A police officer under investigation over claims he witnessed a row in Downing Street involving a Cabinet minister "wasn't there at the time", the Metropolitan Police Commissioner has said.
The arrest of a diplomatic protection squad member did not appear to affect the account of officers on the scene of the so-called plebgate spat with Andrew Mitchell, Bernard Hogan-Howe insisted.
The Independent Police Complaints Commission said it is supervising an investigation into the "validity" of the officer's claim, believed to have been made to an MP.
Scotland Yard made the arrest, on suspicion of misconduct in public office, and suspended the individual from duty after fresh information emerged from a leak inquiry.
It remains unclear to what extent, if any, the case is linked to the appearance in national newspapers of details from the official police log of the incident.
Hogan-Howe said "there is more to this than meets the eye" and that he believes the arrest will prove justified when all the facts can be revealed.
Mitchell resigned as chief whip in October after weeks of controversy over an angry exchange when he was told by police in Downing Street that he could not ride his bicycle through the gates.
He admits swearing at an officer but denies calling him a "pleb" or a "moron", insisting parts of a police log of the incident published in the media were "false".
The arrest raised speculation that the ex-minister could be vindicated.
Mr Hogan-Howe told London's LBC 97.3 radio: "I don't think, in terms of what I've heard up to now, that it's really affected the original account of the officers at the scene. Because of course this officer we've arrested wasn't any of those people involved originally. This is another officer who wasn't there at the time."
In a separate BBC interview, he said: "There is more to this than meets the eye. I am afraid I am constrained in explaining that and I hope that when people hear the full story they will support what we've done.
"We got some new information, we acted on it quickly and I hope, in time, when we are able to explain the sequence of events, people understand why we did what we did."
It is understood that London Mayor Boris Johnson has discussed with the commissioner his concerns over the latest developments in the case.
The story of the set-to emerged in The Sun newspaper and transcripts of what was allegedly said, including those insults, appeared later in The Daily Telegraph.
Mitchell accepts that one of his parting shots to the on-duty officer was: "I thought you guys were supposed to f****** help us."
But he continues to contest other elements of what he is alleged to have said.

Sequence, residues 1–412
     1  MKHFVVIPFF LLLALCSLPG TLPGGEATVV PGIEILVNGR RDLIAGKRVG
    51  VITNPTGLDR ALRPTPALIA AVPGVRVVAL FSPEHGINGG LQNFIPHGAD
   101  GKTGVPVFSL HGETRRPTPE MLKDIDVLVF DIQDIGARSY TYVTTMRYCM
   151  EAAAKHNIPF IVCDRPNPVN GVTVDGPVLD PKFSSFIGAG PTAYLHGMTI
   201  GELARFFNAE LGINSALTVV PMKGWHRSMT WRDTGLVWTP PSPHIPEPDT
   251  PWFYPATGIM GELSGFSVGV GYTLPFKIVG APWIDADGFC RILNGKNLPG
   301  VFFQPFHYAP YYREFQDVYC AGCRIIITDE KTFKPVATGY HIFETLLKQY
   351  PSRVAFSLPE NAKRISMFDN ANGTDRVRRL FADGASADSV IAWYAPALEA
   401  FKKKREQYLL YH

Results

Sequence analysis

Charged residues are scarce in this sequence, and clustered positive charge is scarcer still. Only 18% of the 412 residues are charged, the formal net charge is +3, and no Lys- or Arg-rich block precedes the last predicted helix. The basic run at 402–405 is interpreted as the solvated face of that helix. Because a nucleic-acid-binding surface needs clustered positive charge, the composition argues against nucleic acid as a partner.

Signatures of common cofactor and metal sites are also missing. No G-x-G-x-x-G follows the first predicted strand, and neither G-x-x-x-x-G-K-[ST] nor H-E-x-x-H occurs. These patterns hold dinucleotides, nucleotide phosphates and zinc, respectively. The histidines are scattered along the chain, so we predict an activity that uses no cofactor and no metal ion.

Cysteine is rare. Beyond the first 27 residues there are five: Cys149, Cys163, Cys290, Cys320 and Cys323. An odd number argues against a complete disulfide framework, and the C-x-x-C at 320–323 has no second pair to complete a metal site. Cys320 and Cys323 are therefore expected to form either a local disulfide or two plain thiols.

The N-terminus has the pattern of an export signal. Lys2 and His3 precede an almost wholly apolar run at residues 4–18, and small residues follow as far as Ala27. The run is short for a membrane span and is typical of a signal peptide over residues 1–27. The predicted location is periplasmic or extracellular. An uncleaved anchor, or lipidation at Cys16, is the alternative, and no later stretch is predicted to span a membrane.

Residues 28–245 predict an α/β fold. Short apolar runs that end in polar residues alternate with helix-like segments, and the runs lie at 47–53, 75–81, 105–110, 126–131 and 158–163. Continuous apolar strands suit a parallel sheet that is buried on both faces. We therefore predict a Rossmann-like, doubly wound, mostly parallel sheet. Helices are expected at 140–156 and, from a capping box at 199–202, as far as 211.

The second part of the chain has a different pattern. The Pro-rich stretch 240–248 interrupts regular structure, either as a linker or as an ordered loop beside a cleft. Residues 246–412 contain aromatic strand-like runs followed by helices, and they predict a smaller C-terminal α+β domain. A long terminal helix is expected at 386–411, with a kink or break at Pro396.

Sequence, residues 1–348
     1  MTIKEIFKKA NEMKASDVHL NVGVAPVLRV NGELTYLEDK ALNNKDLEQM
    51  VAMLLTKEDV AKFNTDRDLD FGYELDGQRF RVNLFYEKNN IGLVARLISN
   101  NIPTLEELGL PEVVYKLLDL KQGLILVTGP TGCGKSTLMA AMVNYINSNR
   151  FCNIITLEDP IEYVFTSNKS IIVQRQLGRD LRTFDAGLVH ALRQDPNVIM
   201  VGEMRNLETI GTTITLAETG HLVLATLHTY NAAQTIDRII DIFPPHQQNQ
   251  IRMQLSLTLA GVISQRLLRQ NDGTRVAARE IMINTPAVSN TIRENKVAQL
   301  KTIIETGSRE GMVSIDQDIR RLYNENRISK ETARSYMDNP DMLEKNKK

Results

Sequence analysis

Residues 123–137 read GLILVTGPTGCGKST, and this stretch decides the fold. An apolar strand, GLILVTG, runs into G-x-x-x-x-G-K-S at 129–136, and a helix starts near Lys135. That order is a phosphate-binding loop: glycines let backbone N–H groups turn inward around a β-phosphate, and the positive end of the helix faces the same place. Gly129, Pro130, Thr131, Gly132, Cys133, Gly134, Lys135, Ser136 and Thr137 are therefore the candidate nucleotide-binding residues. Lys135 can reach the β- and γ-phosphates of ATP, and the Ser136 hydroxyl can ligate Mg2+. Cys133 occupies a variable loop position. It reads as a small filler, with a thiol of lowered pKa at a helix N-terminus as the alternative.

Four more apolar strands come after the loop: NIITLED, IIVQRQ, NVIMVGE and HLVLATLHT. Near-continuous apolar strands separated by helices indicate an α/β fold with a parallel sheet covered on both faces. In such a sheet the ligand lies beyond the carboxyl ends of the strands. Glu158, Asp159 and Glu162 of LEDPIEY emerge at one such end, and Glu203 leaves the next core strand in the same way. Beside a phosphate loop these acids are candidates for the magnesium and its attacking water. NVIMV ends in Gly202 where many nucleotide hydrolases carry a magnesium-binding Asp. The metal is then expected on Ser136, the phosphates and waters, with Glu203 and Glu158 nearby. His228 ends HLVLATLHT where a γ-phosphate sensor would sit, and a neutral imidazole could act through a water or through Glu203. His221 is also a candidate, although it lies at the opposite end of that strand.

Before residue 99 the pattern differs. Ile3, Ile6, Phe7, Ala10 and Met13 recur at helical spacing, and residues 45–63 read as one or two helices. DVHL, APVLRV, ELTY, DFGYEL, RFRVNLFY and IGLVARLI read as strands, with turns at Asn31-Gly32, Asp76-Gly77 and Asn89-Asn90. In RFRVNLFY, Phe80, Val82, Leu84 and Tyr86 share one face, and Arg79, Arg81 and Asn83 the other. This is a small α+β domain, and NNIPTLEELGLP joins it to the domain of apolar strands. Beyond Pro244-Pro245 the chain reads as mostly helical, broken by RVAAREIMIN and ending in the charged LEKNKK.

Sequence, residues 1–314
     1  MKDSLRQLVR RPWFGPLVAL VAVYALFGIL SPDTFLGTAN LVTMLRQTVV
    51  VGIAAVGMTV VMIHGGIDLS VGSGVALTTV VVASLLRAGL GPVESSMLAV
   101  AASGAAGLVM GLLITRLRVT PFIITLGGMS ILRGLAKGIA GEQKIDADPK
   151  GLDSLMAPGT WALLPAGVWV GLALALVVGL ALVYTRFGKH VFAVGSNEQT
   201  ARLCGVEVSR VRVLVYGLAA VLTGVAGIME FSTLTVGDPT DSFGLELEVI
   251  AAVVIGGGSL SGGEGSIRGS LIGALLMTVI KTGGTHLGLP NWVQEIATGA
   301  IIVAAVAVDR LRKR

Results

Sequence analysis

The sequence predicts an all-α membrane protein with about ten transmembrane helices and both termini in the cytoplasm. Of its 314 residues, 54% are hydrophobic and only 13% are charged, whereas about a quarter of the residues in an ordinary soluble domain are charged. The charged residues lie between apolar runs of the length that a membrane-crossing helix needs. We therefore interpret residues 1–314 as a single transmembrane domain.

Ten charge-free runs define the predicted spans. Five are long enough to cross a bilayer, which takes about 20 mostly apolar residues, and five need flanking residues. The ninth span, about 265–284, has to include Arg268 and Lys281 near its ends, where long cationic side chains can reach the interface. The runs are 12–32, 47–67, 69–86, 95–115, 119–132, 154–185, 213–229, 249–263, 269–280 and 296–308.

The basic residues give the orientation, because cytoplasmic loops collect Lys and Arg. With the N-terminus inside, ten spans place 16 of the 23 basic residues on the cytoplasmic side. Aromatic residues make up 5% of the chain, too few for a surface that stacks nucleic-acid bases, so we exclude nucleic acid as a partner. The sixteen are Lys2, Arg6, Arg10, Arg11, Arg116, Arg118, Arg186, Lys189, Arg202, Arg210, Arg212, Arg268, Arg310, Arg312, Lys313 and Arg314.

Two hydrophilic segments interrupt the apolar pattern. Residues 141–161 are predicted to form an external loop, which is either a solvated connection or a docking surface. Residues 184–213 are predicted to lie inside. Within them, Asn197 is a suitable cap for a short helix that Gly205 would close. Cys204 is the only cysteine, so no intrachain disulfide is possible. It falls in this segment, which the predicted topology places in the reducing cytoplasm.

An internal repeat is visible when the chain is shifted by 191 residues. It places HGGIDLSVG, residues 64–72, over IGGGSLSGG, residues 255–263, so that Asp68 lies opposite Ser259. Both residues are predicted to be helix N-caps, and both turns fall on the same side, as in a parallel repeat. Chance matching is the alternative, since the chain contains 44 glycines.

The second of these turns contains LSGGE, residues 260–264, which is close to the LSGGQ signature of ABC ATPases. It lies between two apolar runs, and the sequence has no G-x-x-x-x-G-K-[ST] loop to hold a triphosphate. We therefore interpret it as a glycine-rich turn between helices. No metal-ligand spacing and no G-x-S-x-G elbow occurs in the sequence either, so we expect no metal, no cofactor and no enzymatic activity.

He told ITV News: "I'd just like to reiterate once again, that it's the contents of the alleged police log which are false … they are false and I want to make that very clear."
Scotland Yard has said there is "no evidence to suggest any of the officers involved in the incident were involved in the unauthorised release of information".
The arrest has been criticised by Met Police Federation chairman John Tully who said it appeared disproportionate and could be the subject of legal challenge.
Novelist Robert Harris, a friend of Mitchell's for 35 years, said revelations about the row, due to be aired tonight on Channel 4 News, would help to "transform" the story.
He told BBC Radio 4's World At One programme: "I think there is, I gather, evidence that casts serious doubt on the way in which the whole matter was handled."
He added: "I think it will completely transform the story, I don't think there is any doubt about that.
"I think people will, for the first time, begin to see that there are two sides to this whole event. Whether that will lead to his recall to the front rank of government, I don't know.
"I think the most important thing for him at this stage is to clear his name, to get his honour back, because at the moment he is a pretty trashed figure."
Harris said it "didn't ring true" to him that Mitchell would use words like pleb or moron.
Asked about suggestions that the Mayor of London was extremely concerned about the arrest of a police officer linked to the row, he said: "As I understand it, Boris Johnson was objecting to the idea of a whistleblower being picked up by the state and silenced and that is something all of us would think is horrible, but if, on the other hand, it does turn out to be a police officer sending an email that is false to an MP just before The Sun goes to press then I don't think that is the sort of activity that the Mayor of London should be defending."